I struggled in my recent job for some time. Even when I began, I knew my stay would be temporary. A position in an established department of a large company calls for a narrow set of skills.  I’m better at creating something from nothing, synthesizing disparate ideas or programs and establishing the structures and systems to support what I’ve built.

And yet my ego told me I wanted this recent job on my résumé, even if for only a short time. What I planned to be a two-year stint turned into nearly four years as project after project came at me, causing a hamster-on-a-wheel effect. I had no idea how to get off. Developments in my personal life made the relative stability of staying put a necessity. Now that I am a single mother of two, established in a new life routine, I’m re-prioritizing my own health and happiness.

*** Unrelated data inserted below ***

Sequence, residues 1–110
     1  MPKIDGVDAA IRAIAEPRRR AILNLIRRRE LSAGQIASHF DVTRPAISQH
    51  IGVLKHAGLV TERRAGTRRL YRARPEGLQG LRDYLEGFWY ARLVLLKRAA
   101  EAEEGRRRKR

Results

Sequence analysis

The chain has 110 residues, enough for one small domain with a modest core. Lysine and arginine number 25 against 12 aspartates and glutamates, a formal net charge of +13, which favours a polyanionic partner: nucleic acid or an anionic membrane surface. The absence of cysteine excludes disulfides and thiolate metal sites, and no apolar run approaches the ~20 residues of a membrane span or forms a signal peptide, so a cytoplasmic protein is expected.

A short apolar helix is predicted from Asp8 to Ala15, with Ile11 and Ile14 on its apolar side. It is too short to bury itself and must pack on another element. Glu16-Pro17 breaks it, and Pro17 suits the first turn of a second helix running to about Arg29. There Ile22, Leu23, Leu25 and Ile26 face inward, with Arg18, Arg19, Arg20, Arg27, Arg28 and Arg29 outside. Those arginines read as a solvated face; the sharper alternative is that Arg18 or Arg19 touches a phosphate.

Within days of having made the decision to take this leap, friends and colleagues began asking me what was different?  Was I in love? Had I lost weight? Did I do something different with my hair? I was immediately happier and more joyful — and those around me could easily tell. Stress no longer plagues me. I’ve begun sleeping restoratively through the night. And I actually crave healthier foods. Even if this leap of faith seemed crazy, I know I’ve made the right choice for me.

Are you ready for a major life or career transition? If so, give yourself the gift of planning:

  1. Prepare the tools you’ll need for next steps. Update your resume, LinkedIn profile, bio and other tools you might use in your search.  Or have your business plans drafted.